Some Thoughts on Immigrants
I enjoyed the post from Dallas Willard's site “Blessed are the Undocumented?” (https://www.elca.org/JLE/Articles/240 included in the comment below) and the whole topic of immigration in general. It’s something that affects us all, a thread that runs through our whole life at a deep level, even though it’s not always apparent. As has been pointed out, the children of Israel were instructed to be kind to the stranger within their gate very early on in their nationhood, and the point was driven home by reminding them that they had been strangers themselves in Egypt. (Exo_23:9 Also thou shalt not oppress a stranger: for ye know the heart of a stranger, seeing ye were strangers in the land of Egypt.) Even the most well-rooted and established among us, if they look far enough back in their history, will probably find that they too were newcomers at one time. Ever since Adam and Eve had to leave Paradise (the one place where they were truly at home), men and women have had to carve their place in the sun out of an environment that was hostile in one way or another. The Church was addressed as pilgrims and strangers (1Pe_1:1, 2:11), believers encouraged not to be dismayed if the world hated them (Joh_15:19), reminded that the Lord Himself was treated despitefully by His own (Joh_1:11 He came unto his own, and his own received him not.) and He even said in so many words “I was a stranger” (Mat_25:35).
In the first months after the reboot I was corresponding fairly regularly with a old friend who was in the process of morphing from a veteran missionary and longtime defender of the faith to a disgruntled ex-member, characteristically fond of the victim persona. He gave what I guess was to him a well-founded review of how his years in the family had basically bankrupted him and had not yielded him anything of value. I remember responding to him that while from a certain perspective it might be true that being in the family had not enhanced one’s status in the world, something I considered a value added to my life was that very fact of having lived all those years as an outsider, coming to know in my bones what it is like to be a stranger in a strange land, to be a have not, an undesirable. If I had not dropped out and experienced that, I may have had those things that money can buy and would have lived a significantly different kind of life, but I think it would have been to my ultimate impoverishment. I’m thankful that I managed to secure footing of a fashion “in the world” after the reboot, even to the point that now I’m a citizen of the country where I’d been a resident alien for several years, and I consider that pure grace. I’m thankful to have a place where I feel relatively “at home” after having been a rolling stone for so many years. But I don’t think I will ever stop feeling like a stranger and pilgrim here, sort of like those Jews in the concentration camps who had their prisoner number tattooed on their arm, even if for all practical purposes I seem to have put down roots. (Php_3:20 For our conversation [abstractly, citizenship] is in heaven; from whence also we look for the Saviour, the Lord Jesus Christ).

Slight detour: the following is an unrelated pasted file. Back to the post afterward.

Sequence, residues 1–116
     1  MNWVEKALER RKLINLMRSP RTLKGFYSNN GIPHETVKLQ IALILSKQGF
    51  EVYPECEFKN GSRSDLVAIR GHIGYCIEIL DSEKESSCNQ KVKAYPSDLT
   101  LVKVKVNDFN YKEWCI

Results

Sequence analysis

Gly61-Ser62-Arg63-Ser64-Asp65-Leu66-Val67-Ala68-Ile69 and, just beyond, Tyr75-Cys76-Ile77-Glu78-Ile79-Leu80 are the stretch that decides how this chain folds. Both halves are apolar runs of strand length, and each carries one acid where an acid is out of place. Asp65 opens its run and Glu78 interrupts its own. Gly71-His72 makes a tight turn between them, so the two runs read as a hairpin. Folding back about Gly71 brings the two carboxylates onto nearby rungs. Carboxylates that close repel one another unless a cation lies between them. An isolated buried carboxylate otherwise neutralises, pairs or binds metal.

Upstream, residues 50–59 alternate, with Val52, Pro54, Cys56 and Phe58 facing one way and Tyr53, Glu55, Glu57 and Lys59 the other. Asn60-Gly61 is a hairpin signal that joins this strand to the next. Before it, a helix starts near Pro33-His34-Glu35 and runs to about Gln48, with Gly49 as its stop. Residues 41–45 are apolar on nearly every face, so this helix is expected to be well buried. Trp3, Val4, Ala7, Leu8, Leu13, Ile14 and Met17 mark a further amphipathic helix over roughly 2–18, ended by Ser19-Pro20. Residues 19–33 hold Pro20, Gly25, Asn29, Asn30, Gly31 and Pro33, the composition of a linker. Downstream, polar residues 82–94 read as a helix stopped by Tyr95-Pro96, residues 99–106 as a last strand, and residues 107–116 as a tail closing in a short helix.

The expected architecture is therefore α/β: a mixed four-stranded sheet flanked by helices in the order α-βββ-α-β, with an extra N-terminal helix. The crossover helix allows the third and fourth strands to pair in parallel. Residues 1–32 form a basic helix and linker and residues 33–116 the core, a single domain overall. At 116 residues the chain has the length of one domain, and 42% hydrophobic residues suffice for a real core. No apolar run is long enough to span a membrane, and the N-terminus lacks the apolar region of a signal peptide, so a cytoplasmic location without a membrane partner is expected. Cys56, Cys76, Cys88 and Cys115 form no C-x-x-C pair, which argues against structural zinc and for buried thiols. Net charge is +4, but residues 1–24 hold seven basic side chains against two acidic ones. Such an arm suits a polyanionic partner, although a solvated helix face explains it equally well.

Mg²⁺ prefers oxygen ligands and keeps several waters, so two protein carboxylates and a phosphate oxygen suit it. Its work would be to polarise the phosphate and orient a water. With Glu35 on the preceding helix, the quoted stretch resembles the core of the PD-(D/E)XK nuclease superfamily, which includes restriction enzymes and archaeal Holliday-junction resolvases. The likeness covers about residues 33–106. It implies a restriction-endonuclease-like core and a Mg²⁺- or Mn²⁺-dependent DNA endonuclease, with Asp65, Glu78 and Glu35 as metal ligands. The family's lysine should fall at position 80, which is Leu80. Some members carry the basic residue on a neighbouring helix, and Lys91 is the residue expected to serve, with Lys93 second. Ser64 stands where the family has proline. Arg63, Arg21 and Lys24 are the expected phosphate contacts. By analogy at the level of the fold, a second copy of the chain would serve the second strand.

To move from the way I feel personally about immigration and immigrants, how it affects me directly, to giving an opinion on a national policy on it is very tricky, and it’s hard to be general. I like the way Andy Stanley addressed the matter. Dina told me about a talk of his she listened to in which he related the way he and his wife naturally felt moved with compassion and impotent at the same time when they realized the magnitude of the issue. Not being King Solomon or Bill Gates or Jeff Bezos, they were not in a position to do anything on a large scale, but he said they “did for the one what they would like to do for the many.” They helped someone who was “within their gates,” so to speak, in as significant a way as they could—nothing compared to what they would have liked to do but real help, nonetheless. That’s what Dina and I do—what we can, and then we do sincerely pray for those the Lord lays on our hearts.
Another thought on the matter is that the “stranger within our gates” is not necessarily the immigrant, the undocumented foreigner within the borders of my country. In our globalized actuality, we have to realize that just because someone lives on the other side of the world, that doesn’t keep mean our lives are not interconnected. Nearly every article of clothing and home appliance I own is made in China, India, Pakistan, Bangladesh, the Philippines etc. etc. etc. by someone I will never face but who more than likely is living in not very nice conditions and earning a pittance for exhausting work. There mere fact that I live in a reasonably developed country with access to imported goods makes me a “have” whether that is something in my routine consciousness or not. Matthew 25 on the final judgment is a very unsettling bit of text, and I’m thankful that it is, because I guess that means I still have a conscience. But it’s so easy to let the voice of that conscious get drowned out. For me, one way to sort of side step the issue is to relegate it to discussions of national policy or of theological speculation, particularly now when I’m ensconced in my lockdown and just theorizing. But every time I run into someone begging or entertaining or selling peanuts at an intersection, or see them elsewhere and have to look them in the eye, it’s the final judgment all over again. For that matter, all the appeals that cross my computer screen. I know I can’t help everybody, but I have to constantly keep from letting that truth become an excuse for not doing what I can, whatever that might be. It keeps my prayer embers stirred up, that is for sure.